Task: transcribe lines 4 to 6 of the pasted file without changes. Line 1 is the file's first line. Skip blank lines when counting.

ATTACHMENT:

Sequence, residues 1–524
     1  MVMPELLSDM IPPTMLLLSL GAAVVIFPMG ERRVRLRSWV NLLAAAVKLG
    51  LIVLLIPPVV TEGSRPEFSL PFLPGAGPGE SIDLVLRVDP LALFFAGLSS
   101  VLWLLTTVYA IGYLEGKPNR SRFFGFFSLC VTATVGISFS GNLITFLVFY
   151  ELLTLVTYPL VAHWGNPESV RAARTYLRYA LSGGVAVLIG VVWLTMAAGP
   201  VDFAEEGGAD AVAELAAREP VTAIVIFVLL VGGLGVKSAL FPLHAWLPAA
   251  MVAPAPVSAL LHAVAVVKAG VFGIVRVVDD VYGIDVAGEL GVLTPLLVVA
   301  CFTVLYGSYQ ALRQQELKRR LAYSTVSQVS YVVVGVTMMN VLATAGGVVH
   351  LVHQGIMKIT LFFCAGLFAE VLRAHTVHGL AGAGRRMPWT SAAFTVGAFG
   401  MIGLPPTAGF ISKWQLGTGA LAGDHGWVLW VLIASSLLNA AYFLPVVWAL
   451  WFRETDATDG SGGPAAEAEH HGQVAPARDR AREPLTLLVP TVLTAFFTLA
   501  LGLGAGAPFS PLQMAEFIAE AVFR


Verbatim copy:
   101  VLWLLTTVYA IGYLEGKPNR SRFFGFFSLC VTATVGISFS GNLITFLVFY
   151  ELLTLVTYPL VAHWGNPESV RAARTYLRYA LSGGVAVLIG VVWLTMAAGP
   201  VDFAEEGGAD AVAELAAREP VTAIVIFVLL VGGLGVKSAL FPLHAWLPAA